So basically, content is encrypted (with symmetric key) and not signed, what we're trying to do here probably is not possible. Do you know of any plans to incorporate "content signing" (or whatever name it might be called) into the HTTPS protocol asides from the PoC link you gave?

I don't imagine many sites would opt to implement this as it would probably only ever implicate them.

Can you think of any other alternatives to this problem?


407944  No.12037788

>>12036169

A trusted archiving/mirroring website could implement content signing. Then anyone could download this signed copy in case the original mirror was taken down.

Or we could false flag them into submission while at the same time implementing content signing at our sites, such as 8chan, to prevent them from doing the same.


02d7cb  No.12043064

torsocks ipfs init

yay or nay?


404265  No.12044376

>>12020205

It does not replace TCP/IP but http.

IP is just the addressing/packet transmission service and not cause of the problems mentioned above.

So no need to replace it.


6e3d3b  No.12045005

File: b80a47f81a45b34⋯.webm (1.69 MB, 1280x720, 16:9, wtf i love bernie now.webm)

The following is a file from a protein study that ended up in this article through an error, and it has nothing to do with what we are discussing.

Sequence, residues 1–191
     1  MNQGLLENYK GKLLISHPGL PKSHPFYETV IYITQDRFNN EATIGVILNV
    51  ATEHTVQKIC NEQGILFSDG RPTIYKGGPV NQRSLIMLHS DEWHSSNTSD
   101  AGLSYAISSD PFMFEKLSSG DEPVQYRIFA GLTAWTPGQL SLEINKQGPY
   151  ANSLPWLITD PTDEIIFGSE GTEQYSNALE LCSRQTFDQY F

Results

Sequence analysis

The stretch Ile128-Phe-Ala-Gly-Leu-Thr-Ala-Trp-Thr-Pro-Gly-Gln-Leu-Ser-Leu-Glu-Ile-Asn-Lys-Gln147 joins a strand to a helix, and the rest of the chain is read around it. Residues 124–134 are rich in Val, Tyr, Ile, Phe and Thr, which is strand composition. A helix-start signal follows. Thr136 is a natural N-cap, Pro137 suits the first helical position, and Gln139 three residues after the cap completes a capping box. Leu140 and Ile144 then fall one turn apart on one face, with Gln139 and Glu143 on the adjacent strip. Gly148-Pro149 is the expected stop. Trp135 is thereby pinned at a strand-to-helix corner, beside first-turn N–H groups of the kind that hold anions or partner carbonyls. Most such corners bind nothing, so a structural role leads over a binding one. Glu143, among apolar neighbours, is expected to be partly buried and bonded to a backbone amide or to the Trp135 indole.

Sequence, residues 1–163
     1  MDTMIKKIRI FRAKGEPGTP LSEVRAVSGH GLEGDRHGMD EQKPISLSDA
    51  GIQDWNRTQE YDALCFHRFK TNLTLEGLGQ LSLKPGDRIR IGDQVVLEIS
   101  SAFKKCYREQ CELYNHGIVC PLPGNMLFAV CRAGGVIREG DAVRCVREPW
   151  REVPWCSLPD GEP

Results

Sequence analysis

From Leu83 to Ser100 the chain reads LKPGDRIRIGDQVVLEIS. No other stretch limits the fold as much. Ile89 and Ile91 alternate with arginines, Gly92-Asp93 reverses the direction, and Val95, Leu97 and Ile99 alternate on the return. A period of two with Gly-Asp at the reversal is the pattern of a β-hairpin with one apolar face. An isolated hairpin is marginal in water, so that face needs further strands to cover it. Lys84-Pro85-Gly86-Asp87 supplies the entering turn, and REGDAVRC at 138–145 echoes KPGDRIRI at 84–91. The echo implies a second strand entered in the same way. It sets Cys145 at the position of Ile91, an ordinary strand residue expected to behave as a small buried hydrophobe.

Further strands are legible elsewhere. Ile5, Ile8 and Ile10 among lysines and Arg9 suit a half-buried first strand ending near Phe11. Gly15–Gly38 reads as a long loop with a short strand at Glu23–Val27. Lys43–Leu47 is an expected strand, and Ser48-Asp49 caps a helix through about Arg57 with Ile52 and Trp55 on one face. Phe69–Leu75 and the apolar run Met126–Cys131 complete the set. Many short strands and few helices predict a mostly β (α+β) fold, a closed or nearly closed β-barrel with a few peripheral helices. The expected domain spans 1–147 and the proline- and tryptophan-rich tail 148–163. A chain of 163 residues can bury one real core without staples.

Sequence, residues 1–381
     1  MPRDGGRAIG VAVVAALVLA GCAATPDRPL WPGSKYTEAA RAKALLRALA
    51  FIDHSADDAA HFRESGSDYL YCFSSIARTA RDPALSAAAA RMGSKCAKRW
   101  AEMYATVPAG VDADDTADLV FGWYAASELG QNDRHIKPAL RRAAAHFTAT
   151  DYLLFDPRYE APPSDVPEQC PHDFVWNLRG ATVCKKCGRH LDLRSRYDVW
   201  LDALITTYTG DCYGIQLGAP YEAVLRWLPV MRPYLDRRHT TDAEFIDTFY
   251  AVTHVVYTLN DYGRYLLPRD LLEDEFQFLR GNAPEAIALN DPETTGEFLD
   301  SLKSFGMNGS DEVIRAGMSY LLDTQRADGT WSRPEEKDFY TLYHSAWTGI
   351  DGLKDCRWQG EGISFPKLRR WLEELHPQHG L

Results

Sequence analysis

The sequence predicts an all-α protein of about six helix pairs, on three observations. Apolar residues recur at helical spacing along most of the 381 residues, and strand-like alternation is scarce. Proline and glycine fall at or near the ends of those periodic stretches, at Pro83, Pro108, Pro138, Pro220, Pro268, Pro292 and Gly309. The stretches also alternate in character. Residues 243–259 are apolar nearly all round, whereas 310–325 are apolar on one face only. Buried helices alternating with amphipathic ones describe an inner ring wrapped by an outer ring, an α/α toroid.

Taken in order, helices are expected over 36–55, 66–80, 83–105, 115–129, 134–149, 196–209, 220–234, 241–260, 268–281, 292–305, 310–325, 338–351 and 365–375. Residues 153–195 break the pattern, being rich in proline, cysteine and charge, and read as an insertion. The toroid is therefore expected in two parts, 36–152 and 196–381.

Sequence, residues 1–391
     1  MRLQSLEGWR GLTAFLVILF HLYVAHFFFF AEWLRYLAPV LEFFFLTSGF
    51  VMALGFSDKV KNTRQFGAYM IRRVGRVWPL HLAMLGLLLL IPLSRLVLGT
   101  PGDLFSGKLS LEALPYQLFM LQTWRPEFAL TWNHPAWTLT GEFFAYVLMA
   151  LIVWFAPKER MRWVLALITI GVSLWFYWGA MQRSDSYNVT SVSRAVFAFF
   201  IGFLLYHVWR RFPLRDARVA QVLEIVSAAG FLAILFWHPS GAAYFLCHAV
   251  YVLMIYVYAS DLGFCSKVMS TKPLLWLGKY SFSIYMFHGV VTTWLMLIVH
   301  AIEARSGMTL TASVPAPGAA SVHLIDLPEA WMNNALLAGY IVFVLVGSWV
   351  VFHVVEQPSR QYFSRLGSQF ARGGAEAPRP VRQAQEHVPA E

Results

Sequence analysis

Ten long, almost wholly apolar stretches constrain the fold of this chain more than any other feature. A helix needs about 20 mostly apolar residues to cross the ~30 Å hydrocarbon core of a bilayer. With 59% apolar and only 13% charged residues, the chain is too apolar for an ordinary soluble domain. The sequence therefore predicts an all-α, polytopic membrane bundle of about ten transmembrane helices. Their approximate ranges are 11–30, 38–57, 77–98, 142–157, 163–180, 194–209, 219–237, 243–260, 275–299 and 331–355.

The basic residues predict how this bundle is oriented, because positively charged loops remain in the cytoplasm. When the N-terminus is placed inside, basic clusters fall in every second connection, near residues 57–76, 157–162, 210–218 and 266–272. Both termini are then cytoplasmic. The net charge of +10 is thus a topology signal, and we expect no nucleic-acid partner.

>>12036169

>I don't imagine many sites would opt to implement this as it would probably only ever implicate them.

An excellent point.

>>12037788

>Or we could false flag them into submission while at the same time implementing content signing at our sites, such as 8chan, to prevent them from doing the same.

An excellent solution. My one worry would be that they would use that to downplay the authenticity of the archives we already have, but that may be remedied if we make sure that the services we create are notably separate from the authentic ones we like to use right now, as well as putting a lot of emphasis onto the 'session' factor of falsehood (something that would require a session to actually load, but not fake - like an old Instagram photo or a private message from someone on a signed-in account).